Good luck

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    lawyers will always try and get you to settle irrespective of the strengths of the case.

    your friends are not independent witnesses!

    I wouldnt pay anything up front in advance.

    there are all sorts of defences that can be raised to a damages clause.

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    Hi,

    Every builder needs something upfront, its perfectly normal to have a staggered payment agreement, with an initial payment as work starts.  This is what we had and why i still owed them 10k at the end.

    Maybe i was failed by the lawyer, the case went on for nearly a year and a half, and only on the day of court did he advise me to settle, maybe he was happy to take my money up until then or maybe he had new info, i don't know, but this had gone on so long, i just could not risk going in there and losing.  Some of my friends say i won, i did not pay all the full 10k, and i stood on my principles and 'showed them'.  But i paid the lawyer plenty, and i'm still paying to fix their work, i don't feel like i won or that I 'showed them' anything, i just caused a lot of necessary stress for myself.  With hindsight, i should have just paid the 10k and threw my principles out of the window.  Lesson learned.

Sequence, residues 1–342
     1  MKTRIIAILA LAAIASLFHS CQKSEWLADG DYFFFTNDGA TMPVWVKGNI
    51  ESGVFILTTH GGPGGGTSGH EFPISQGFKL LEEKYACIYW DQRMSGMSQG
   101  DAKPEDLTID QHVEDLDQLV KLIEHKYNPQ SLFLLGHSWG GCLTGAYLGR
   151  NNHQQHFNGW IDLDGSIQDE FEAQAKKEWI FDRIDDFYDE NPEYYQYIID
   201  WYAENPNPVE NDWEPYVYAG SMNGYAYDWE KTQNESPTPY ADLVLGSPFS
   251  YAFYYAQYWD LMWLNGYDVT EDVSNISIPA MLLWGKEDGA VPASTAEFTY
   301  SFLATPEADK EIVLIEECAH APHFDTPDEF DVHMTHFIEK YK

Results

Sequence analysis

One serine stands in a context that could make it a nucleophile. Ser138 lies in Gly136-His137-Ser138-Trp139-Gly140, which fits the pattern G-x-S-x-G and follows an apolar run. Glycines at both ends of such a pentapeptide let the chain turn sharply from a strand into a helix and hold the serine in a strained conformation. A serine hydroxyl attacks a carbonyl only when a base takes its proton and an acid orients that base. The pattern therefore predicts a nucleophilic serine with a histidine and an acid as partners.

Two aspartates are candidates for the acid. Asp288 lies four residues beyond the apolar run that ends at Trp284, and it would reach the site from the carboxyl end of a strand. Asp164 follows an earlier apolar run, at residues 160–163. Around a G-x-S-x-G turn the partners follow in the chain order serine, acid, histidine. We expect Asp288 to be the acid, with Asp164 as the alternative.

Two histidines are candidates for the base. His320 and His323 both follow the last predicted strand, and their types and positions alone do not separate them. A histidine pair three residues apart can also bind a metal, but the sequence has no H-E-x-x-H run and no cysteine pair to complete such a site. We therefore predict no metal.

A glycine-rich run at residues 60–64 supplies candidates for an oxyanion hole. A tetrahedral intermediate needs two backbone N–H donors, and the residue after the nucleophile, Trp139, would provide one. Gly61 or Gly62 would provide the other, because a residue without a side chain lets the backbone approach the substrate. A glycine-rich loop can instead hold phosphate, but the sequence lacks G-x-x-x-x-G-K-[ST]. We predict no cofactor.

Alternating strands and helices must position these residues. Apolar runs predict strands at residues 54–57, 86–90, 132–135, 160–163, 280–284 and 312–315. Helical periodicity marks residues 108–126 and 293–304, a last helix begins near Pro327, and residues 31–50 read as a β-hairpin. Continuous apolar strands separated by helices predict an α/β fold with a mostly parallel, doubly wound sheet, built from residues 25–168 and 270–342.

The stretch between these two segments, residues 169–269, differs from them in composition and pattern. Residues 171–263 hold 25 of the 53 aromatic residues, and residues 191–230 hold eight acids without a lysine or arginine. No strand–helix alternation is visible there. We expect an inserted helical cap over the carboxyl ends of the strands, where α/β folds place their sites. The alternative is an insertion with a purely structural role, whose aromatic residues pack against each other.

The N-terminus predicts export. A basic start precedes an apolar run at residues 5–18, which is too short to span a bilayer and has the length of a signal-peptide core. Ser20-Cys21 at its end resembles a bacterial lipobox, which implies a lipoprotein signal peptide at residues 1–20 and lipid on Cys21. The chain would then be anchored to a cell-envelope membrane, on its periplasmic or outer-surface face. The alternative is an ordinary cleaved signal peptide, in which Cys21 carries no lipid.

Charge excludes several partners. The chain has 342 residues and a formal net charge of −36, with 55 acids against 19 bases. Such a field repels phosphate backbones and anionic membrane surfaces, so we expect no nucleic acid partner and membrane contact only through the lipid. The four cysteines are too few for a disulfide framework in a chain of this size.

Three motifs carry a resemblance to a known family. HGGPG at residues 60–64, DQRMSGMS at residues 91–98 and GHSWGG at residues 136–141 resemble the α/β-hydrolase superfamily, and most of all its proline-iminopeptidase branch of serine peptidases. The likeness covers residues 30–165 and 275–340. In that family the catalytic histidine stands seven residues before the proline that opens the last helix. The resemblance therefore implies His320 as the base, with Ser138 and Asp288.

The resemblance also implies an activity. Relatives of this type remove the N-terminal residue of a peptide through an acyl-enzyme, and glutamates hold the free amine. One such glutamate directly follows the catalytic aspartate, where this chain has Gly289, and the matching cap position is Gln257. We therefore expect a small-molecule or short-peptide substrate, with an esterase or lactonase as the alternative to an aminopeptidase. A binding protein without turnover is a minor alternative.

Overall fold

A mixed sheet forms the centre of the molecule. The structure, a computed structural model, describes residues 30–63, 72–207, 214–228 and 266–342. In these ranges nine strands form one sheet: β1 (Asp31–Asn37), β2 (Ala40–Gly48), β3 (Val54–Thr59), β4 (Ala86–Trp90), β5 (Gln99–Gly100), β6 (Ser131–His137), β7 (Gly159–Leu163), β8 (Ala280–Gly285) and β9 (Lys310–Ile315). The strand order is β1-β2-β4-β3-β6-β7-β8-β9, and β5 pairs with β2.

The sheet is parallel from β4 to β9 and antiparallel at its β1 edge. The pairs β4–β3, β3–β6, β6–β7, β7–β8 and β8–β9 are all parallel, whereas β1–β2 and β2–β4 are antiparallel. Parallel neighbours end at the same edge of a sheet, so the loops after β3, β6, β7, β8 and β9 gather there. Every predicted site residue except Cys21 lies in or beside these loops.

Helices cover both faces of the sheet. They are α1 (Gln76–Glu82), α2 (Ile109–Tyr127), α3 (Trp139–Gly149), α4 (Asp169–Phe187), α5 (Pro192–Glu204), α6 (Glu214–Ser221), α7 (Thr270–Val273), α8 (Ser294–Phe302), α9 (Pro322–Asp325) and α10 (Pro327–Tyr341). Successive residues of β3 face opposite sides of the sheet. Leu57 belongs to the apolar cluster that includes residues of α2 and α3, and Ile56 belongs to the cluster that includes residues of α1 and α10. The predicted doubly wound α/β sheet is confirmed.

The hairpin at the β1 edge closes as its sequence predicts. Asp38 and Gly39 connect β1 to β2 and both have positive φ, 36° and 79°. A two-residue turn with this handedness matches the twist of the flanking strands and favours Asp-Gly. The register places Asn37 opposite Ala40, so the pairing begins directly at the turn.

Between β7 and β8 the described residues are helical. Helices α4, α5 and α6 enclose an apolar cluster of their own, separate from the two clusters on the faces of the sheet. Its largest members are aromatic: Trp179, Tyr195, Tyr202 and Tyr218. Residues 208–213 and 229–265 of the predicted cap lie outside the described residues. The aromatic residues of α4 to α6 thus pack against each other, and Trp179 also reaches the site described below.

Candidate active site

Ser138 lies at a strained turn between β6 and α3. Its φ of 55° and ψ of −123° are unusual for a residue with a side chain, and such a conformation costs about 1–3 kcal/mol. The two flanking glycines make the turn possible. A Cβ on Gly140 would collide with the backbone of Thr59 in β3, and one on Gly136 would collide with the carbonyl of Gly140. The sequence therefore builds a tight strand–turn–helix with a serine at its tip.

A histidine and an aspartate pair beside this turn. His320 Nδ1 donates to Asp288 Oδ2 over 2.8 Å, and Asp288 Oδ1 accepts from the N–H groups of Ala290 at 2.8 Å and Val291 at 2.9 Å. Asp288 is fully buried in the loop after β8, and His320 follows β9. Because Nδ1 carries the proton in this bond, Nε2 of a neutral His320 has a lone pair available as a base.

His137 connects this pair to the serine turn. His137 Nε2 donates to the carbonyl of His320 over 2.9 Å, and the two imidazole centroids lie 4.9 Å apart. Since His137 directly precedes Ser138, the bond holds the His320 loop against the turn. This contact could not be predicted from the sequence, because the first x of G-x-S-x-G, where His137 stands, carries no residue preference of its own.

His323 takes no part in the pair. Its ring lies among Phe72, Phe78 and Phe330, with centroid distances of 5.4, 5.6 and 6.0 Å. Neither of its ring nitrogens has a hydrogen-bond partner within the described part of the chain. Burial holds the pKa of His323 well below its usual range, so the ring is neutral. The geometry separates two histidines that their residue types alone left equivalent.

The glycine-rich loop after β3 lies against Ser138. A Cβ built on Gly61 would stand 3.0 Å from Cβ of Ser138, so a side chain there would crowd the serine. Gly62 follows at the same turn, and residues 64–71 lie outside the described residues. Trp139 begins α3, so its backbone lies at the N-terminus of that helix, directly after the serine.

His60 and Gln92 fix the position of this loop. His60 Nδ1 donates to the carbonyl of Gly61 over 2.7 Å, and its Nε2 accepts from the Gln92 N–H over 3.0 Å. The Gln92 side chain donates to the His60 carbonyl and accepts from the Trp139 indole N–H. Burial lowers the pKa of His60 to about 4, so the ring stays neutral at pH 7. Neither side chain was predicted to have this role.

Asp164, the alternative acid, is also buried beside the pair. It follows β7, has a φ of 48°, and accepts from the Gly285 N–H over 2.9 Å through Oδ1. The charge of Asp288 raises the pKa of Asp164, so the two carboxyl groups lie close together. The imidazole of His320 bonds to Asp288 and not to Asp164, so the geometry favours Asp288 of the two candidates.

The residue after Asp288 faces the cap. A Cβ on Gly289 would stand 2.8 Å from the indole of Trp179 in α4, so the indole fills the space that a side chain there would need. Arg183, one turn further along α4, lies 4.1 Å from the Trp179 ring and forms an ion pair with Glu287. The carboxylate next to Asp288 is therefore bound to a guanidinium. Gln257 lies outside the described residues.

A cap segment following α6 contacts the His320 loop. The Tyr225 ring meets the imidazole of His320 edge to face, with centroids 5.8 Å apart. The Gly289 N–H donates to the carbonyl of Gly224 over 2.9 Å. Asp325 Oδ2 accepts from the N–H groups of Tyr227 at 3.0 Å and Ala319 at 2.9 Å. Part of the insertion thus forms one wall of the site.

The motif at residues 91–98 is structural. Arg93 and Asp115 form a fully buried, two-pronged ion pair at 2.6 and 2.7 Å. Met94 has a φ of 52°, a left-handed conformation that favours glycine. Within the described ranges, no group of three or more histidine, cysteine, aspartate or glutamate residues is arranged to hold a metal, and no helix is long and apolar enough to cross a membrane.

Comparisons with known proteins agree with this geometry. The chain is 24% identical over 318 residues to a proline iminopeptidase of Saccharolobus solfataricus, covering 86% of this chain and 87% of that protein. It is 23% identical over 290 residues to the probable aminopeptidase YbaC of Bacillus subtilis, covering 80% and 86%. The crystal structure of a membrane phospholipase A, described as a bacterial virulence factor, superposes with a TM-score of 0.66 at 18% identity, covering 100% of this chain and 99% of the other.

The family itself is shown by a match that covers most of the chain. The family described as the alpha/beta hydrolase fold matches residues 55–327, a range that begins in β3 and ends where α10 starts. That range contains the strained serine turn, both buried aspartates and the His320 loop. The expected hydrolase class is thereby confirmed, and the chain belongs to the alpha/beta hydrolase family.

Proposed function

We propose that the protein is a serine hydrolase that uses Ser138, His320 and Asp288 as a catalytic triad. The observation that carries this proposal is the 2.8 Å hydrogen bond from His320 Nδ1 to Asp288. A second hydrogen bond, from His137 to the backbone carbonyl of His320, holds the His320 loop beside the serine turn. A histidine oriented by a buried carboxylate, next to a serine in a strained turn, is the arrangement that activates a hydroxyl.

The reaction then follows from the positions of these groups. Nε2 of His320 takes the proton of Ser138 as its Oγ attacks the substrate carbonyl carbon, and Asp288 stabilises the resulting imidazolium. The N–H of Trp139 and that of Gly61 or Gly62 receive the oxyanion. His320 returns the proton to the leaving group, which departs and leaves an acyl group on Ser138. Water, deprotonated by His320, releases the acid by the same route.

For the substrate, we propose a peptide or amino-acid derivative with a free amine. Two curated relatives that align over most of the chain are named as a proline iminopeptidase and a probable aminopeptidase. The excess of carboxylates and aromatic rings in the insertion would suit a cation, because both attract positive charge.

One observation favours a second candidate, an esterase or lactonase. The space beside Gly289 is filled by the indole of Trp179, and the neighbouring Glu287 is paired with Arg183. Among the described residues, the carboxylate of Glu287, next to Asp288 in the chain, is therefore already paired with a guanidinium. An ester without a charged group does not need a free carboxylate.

To answer the original question, is that in my case the contract was worthless, others may have different experiences but I could prove their negligence, with photos, email conversations, new invoices fixing their work, etc. yet it was still worthless, and you hit the nail on the head as to why - because there can be many defenses.

    So IMO the contract is worthless. sure get one, it might help keep them on track, or help to minimize problems, but if it doesn't, fire the builder as soon as you can, do what you can to minimize the cost and wipe your ass with the contract.


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    Thank you both for the insight! All round a worrying time wether you have a contract or not! Just hope I choose good builders!

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    Hi,

    I am sure not all experiences are like mine, but happy to share if my experience can help others..

    Thanks

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    I would definitely have a contact in place. Not only for peace of mind and legal backing but also so both parties are very clear on what's expected and when.
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    For a contract to be any use it needs to be properly written, legally enforceable and linked to drawings and specifications that state exactly what is expected.